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Weingut Richard Tauber Kerner 2022

Weingut Richard Tauber Kerner 2022


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Richard Tauber quit his day job in 2013 following a successful career in milk. That's right. From the dairy sector to the wine business. What could possibly go wrong?

But all that time around the cleanliness and precision needed for pasturization informed Richard well. His winery, a 500 square foot marvel in a small collection of buildings underneath an apartment complex on the outskirts of Brixen (Bressanone in Italian), defies logic. As we first approached the address he gave me, I thought here was no way we could be in the right place. This could have been one of those little strip malls where you drop off your dry cleaning, get your nails done, or order a pizza for takeout. What was going on here?

Pure magic, that's what. 

Anyone wishing to pursue a winery project should only look to Richard, and how to do it small, and do it right. Our kind of guy. He farms 5 steep (like, REALLY steep) parcels near Brixen, on such a grade that the work cannot be done by tractor, only on foot. There are just about 4 total acres of vines.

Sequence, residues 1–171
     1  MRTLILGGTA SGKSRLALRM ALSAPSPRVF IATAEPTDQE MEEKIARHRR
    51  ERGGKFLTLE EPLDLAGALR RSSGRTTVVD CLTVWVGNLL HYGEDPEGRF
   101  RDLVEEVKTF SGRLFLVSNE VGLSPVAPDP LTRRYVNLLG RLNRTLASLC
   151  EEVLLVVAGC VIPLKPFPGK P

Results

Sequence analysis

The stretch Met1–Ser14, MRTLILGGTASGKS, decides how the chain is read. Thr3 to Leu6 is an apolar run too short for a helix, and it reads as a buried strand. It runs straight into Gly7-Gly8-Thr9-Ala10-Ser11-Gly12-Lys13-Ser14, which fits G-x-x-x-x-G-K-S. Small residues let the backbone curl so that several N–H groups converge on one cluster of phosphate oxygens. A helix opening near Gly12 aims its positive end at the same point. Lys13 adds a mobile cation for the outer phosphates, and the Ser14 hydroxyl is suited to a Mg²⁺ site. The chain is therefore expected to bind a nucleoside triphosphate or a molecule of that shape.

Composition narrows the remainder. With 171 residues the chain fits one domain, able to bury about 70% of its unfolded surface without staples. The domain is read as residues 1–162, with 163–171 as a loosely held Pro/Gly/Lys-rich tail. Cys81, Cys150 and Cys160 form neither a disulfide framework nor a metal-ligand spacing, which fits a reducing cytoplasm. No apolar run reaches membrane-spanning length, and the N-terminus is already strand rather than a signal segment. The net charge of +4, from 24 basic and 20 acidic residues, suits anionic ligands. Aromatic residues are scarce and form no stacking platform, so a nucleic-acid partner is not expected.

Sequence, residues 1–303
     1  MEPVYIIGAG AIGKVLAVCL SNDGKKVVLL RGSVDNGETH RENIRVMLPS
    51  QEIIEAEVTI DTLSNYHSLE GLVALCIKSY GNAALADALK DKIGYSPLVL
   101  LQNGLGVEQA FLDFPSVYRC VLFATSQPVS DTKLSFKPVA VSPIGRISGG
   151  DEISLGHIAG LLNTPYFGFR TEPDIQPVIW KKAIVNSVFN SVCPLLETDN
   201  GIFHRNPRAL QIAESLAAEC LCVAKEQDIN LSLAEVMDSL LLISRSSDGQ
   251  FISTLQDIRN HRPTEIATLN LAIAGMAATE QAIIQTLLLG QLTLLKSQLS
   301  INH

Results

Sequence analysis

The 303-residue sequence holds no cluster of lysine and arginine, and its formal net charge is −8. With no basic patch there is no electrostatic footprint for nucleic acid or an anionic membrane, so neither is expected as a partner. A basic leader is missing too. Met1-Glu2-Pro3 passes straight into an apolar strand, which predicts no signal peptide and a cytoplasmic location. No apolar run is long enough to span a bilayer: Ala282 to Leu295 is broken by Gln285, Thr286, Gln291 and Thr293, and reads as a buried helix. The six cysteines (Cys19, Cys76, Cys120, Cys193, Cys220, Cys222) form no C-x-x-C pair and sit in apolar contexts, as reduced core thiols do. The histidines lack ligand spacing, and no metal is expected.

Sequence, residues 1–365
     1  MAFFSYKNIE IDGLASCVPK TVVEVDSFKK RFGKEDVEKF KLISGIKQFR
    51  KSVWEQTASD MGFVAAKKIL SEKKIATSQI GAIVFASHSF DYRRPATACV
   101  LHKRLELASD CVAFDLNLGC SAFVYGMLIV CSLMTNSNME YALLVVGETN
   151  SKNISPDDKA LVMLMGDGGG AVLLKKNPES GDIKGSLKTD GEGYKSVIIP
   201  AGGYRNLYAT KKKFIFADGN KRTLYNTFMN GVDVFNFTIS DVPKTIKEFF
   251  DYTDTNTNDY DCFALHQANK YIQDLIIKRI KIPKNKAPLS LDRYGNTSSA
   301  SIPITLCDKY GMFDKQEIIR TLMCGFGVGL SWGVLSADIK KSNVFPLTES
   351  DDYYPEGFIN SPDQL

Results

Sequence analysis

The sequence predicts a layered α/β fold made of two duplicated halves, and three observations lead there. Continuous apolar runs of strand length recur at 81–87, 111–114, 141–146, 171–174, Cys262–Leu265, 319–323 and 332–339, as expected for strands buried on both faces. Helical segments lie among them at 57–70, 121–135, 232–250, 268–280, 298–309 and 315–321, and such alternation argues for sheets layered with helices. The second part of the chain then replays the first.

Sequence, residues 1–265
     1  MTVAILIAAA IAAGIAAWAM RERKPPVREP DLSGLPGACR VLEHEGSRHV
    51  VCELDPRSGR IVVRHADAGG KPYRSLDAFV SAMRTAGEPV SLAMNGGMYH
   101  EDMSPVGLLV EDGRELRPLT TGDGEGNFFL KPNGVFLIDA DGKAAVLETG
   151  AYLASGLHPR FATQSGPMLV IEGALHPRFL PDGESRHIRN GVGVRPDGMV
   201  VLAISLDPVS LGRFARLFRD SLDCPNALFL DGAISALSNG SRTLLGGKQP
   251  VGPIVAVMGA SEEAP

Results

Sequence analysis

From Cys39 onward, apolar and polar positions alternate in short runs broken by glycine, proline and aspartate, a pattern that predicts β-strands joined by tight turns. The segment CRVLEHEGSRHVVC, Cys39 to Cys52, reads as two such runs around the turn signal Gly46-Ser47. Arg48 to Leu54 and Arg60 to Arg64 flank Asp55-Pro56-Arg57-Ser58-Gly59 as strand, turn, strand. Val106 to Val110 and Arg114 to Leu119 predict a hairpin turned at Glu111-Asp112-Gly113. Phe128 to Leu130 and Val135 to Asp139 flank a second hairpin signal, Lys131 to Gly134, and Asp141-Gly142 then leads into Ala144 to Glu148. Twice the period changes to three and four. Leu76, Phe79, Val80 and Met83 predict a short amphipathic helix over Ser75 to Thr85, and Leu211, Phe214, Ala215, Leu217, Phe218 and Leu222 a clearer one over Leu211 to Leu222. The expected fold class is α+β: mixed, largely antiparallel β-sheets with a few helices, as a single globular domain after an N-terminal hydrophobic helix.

He claims he spends 80% of his year among his vines, a splendid collection of Riesling, Sylvaner, and the local Kerner--and the rest dedicated to making flawless wine, getting it into bottle, then hoping some dude like me will eventually come around.

And that's how it came to pass that along with a couple Cru deep divers, we ended up around a table in the "suburbs" of Brixen, with 3 scintillating white wines in our glasses, and Richard Tauber not doing much other than slicing really good ham off a gorgeous Berkel slicer to go along. It was perfect, and even though I don't often do this, I asked Richard to buy some wine on the spot. His smile said it all.

"You're eating all my ham. I guess I have to!"

Kerner 2022--If Sylvaner was the reason I came to this part of the Sudtirol, Kerner is why I will go back. A perfectly suited frost resistant variety that is often grown in marginal climates. It is a cross between Riesling and Vernatsch (Schiava in Italian) and is named after the German poet Julius (Justinus) Kerner--who gave us the first detailed description of botulism (fun fact). Grown at 700 meters (2200 feet) and harvested late in the season, this beauty is pure aromatic fireworks--white peaches, yellow plums, ginger--all kinds of goodies leaping from the glass. And then again, a fresh aciidty and a bone dry finish makes this beauty versatile for anything you're cooking.


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